The Italian government is calling for 60,000 “civic assistants” to help them tackle social distancing rule-breakers but it has received backlash for the plan. The informants are expected to wear blue bibs with the words, “civic assistant” written across it as the Minister of Regional Affairs Francesco Boccia expects to receive more than the needed amount of applications. The move has been described as an “Orwellian dictatorship” by economist and author Ilaria Bifarini as residents fear it will spark tension in communities.
One resident told RT: “There is a great risk of a culture of snitching. They will put us against each other.
“It will be a typical war between the poorest people.”
Another added: “I still don’t understand if they’re paid or not and who hires them. There’s too much confusion around these civic assistants.
“There are already too many cameras around Rome, people will get angrier and might show their dissent.”
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A third, who supports the use of assistants, said: “These civic assistants could be useful because in this phase, people are getting more relaxed in the safety measures.”
But a fourth resident noted: “This service must be carried out by the local police, the state police and other law enforcement agencies.
“There is a risk of developing a culture of suspecting everyone. In any case, we don’t want voluntary work, we need actual jobs.”
It comes as the governor of Lombardy, the northern region at the epicentre of Italy’s coronavirus outbreak, said on Wednesday that he had been given a police escort after growing criticism of his administration’s handling of the crisis.
Lombardy, Italy’s richest and most populous region and the motor of its economy, is one of the worst affected areas of the world by the coronavirus, accounting for around half of the country’s more than 32,000 dead.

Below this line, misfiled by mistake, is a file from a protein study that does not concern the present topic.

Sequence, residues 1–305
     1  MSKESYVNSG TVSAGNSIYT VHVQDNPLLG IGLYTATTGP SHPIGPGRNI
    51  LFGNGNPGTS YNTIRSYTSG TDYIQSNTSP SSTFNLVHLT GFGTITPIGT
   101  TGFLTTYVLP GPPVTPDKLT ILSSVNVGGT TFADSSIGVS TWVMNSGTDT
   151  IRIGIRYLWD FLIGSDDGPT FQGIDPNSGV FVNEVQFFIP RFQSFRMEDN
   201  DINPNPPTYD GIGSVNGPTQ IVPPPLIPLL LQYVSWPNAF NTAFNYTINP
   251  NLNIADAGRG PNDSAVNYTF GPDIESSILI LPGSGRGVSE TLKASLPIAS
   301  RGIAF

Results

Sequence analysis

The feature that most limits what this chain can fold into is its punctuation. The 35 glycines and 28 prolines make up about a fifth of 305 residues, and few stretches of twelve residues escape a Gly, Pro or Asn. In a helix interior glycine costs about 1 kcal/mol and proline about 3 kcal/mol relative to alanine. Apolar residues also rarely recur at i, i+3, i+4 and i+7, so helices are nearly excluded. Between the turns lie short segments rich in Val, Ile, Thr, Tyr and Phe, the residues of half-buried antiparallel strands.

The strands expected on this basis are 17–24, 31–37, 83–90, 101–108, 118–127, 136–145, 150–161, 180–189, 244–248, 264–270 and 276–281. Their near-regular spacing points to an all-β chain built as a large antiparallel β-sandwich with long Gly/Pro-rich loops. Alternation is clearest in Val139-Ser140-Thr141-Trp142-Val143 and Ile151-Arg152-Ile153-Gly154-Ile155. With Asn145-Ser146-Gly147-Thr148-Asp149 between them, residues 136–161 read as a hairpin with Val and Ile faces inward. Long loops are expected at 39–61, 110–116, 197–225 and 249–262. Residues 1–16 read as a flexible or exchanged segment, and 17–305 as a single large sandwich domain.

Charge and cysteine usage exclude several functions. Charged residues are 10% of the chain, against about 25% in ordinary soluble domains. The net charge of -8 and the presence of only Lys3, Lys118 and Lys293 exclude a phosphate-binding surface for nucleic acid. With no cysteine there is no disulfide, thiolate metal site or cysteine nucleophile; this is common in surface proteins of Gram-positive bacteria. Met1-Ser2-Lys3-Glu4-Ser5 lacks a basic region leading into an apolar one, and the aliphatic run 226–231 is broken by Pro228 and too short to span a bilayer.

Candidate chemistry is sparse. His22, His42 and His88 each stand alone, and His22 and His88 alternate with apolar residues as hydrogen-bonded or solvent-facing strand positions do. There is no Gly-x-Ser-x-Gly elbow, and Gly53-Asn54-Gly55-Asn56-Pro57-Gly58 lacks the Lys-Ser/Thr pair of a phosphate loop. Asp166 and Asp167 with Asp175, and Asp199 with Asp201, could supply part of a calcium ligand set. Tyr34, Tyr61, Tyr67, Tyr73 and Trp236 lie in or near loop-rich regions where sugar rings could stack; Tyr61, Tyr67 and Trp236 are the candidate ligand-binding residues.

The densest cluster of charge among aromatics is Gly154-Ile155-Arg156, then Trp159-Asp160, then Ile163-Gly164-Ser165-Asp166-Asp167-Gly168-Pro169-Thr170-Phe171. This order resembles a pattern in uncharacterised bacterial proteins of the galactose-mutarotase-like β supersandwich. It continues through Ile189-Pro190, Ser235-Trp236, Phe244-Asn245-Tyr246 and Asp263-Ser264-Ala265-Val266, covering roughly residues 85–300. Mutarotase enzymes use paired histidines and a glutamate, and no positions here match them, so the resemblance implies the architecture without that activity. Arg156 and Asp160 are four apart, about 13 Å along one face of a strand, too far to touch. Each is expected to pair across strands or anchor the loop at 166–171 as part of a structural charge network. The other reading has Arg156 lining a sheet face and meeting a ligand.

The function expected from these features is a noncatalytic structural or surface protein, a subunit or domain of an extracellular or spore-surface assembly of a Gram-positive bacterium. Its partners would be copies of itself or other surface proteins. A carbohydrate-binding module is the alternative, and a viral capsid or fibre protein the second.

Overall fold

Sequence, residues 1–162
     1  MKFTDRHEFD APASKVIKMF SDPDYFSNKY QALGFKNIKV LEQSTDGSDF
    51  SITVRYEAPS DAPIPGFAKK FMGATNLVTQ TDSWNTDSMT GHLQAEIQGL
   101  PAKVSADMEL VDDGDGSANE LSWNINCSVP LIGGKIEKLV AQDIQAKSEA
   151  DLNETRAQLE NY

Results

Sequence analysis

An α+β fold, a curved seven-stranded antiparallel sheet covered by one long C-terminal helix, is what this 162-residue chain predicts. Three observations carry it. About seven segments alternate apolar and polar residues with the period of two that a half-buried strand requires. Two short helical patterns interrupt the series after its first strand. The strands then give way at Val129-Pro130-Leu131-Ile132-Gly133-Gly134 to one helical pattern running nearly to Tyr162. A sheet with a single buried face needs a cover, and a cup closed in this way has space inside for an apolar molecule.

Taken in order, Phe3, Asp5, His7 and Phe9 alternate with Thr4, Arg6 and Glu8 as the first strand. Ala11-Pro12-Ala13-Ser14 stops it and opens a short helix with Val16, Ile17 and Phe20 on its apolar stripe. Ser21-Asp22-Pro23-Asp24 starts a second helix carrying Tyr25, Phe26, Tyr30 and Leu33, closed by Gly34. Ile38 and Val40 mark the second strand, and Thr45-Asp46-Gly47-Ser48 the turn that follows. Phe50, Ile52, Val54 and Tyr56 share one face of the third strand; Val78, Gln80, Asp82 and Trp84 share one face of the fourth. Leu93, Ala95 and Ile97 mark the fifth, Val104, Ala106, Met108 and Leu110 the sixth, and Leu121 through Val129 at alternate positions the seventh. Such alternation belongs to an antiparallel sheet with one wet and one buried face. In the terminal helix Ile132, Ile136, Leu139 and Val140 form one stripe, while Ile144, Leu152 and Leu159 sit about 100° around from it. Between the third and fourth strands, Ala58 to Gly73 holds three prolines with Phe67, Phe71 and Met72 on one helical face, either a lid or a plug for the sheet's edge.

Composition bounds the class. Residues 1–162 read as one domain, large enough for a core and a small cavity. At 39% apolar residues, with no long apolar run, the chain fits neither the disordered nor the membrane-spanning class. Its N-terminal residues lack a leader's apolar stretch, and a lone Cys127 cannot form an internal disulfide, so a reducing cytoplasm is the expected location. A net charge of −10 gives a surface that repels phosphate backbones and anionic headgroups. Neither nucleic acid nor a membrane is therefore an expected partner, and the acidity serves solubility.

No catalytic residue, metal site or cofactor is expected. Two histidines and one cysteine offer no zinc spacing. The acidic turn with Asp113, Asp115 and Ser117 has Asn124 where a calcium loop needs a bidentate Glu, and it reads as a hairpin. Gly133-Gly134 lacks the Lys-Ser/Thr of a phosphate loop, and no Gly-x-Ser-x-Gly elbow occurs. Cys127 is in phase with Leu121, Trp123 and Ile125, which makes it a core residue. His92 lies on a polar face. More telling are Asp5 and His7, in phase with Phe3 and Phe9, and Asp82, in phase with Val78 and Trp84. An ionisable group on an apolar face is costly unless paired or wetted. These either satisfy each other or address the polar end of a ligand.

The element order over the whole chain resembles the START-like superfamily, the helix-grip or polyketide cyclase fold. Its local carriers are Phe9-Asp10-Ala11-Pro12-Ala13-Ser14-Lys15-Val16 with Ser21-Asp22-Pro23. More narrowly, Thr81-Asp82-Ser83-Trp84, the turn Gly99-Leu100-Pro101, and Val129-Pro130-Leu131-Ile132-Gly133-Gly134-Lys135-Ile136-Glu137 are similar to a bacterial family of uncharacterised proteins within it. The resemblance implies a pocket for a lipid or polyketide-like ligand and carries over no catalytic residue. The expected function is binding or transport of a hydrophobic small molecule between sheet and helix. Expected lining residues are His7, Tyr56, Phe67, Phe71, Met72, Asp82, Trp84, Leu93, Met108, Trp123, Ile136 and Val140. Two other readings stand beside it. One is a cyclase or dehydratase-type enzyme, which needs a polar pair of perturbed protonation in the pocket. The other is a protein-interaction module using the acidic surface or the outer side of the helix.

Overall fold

The regional government, controlled by opposition leader Matteo Salvini’s anti-immigrant League party, has seen approval ratings plunge amid angry attacks on its response and on health sector reforms by previous League governments that many say left the region badly prepared to face the epidemic.
Regional governor Attilio Fontana, a close Salvini ally, gave no details of the security escort but said the decision to assign one had not been at his request but had been decided by the “relevant authorities”.
“I’m sorry for the sake of my family who have been a bit worried,” he said in a statement. “Over recent days, there’s been too much venom.”
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“Unfortunately, it’s the result of lies told by certain political forces which have poisoned the atmosphere and stirred up this dangerous climate of hatred.”
The decision to assign the escort, as Italy has begun to ease lockdown restrictions imposed almost three months ago, highlighted widespread public anger at the handling of both the health crisis and the lockdown measures.
Authorities said Education Minister Lucia Azzolina and Deputy Health Minister Pierpaolo Sileri, had also been assigned security details in recent days.
“We’ve been collecting dozens and dozens of threats on social media. There are so many of them and they’re part of this climate of hatred,” Fontana’s lawyer Jacopo Pensa was quoted as saying by business daily Il Sole 24 Ore.